The Midway Theatre bears architectural significance. Scotland-native Thomas White Lamb (1871-1942) is often accredited as “America’s foremost theater architect.” He designed over 300 U.S. theaters including the RKO Keith’s Flushing Theatre, Ridgewood Theatre, and some European theaters. Forest Hills is fortunate to have Lamb’s last theater creation, which is one of his few in the Art Moderne style.

   The stone façade features a curved corner with a streamlined band conveying harmony. A curtain-like accordion exists above the marquee, with an accentuated vertical beacon reading “Midway” in neon lights, which adds a Jazz Age touch.

    The grand foyer is oval and features a 30-ft ceiling with domes and a South Beach color scheme. A whimsical winding staircase leads to the mezzanine promenade with its defining picture window which enables an abundance of natural light. One may visualize how movie-going was fashionable in the 1940s, and how a woman’s dress would conform to the sweeping staircase.

    Tom A. Lamb, great-grandson of Architect Thomas W. Lamb, said the Midway’s history grants the community a feeling of permanence and belonging. “My great-grandfather understood that while he was creating a fantasy for the masses, the buildings and the people that used them were very real, and they had to operate within the modern context,” said Lamb. He then explained, “In order to ensure that the community grows along with the times, we must make sure that developers provide the financial impetus that ensures a vital and lively community, but we must also provide reasonable limits on what can be done within our communities.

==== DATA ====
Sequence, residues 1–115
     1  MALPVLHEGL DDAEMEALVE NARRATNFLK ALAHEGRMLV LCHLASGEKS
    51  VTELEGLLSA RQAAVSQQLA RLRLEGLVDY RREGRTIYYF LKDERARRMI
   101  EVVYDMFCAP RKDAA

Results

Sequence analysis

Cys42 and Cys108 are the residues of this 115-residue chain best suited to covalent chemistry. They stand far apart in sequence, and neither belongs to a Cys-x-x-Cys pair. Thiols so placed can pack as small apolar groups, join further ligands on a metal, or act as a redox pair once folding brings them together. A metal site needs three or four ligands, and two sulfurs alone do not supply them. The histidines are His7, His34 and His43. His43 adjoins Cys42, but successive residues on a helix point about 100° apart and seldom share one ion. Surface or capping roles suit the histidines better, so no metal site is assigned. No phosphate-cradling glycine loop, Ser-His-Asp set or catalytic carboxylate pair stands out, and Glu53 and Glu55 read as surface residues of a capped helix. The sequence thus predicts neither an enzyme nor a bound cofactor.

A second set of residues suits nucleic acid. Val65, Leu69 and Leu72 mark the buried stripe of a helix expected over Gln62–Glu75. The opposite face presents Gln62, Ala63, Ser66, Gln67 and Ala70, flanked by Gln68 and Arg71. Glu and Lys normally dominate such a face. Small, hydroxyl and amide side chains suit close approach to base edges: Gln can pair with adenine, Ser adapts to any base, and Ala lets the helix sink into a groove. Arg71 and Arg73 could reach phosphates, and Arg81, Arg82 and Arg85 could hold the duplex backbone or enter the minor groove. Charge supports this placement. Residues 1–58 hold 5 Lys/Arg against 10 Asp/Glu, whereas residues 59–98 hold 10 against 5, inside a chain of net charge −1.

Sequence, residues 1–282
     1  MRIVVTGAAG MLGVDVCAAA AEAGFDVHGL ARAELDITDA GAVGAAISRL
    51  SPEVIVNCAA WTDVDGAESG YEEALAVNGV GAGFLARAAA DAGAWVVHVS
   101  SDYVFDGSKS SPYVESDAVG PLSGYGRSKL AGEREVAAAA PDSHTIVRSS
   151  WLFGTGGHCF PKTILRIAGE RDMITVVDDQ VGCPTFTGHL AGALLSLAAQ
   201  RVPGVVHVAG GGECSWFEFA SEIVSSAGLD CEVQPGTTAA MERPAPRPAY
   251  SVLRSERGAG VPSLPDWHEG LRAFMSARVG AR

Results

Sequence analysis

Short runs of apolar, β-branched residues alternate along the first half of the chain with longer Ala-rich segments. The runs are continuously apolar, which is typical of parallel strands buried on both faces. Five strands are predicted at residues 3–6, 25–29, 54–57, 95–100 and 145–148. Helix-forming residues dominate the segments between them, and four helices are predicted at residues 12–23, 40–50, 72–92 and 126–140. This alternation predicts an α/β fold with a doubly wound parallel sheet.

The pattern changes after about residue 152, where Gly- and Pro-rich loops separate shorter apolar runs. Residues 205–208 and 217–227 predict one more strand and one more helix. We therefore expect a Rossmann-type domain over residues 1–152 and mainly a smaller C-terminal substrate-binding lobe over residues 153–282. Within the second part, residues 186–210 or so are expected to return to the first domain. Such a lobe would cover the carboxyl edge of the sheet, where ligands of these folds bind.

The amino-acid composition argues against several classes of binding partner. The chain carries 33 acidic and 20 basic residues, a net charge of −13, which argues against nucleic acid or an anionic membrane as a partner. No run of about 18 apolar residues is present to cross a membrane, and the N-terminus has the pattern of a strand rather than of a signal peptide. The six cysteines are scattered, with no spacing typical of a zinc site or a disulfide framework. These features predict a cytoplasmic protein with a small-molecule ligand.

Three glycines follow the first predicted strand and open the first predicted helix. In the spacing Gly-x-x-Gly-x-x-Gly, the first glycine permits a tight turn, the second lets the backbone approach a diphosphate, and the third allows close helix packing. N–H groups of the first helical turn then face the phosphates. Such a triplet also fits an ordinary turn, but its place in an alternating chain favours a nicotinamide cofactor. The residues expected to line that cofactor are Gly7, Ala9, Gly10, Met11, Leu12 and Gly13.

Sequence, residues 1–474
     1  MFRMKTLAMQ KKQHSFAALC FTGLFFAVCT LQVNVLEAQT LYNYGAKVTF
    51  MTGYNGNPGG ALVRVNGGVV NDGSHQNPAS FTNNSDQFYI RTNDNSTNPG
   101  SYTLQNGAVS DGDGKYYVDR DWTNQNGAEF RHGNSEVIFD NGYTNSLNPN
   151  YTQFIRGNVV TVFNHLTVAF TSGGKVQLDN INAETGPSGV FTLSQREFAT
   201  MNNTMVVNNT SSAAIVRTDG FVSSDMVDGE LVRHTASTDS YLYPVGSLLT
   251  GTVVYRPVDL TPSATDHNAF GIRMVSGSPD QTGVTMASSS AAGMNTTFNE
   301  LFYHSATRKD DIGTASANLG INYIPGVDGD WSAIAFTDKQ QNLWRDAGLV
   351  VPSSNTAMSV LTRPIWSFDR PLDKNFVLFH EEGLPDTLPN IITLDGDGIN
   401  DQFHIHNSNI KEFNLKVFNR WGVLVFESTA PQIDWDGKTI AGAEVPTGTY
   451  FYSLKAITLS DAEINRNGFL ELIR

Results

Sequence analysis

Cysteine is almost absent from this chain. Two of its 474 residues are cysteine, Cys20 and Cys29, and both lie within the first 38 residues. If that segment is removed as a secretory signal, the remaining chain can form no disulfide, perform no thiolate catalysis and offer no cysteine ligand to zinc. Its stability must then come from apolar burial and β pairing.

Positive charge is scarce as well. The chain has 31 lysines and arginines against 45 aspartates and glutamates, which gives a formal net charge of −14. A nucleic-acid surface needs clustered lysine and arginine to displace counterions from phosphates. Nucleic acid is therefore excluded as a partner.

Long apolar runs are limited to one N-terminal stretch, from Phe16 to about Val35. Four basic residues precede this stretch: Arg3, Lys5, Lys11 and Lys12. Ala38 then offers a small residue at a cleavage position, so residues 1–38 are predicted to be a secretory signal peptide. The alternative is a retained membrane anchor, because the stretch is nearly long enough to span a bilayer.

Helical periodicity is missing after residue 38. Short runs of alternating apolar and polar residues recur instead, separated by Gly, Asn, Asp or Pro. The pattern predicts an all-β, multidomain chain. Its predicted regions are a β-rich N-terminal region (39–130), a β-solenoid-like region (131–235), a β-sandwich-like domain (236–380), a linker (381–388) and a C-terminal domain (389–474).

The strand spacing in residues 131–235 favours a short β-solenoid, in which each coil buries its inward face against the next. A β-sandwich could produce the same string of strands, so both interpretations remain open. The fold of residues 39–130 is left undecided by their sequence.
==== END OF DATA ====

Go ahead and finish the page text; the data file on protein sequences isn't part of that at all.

Karen Noonan, immediate past president of the Theatre Historical Society explained, “Thomas Lamb created some of America's most notable theaters. For generations, this theater has not only been a community gathering place for entertainment, but for news and group support during the war years. This classic should be zealously protected and preserved.

   The Midway Theatre hosts community functions. At the 70th anniversary celebration, 170 patrons saw Alfred Hitchcock’s “Rear Window” (1954). Steve Melnick, Treasurer of the Forest Hills Chamber of Commerce worked with Regal Entertainment, and nearly $2,000 was raised for the Alzheimer’s Association (NYC Chapter). He plans to co-sponsor more classic movie fundraisers.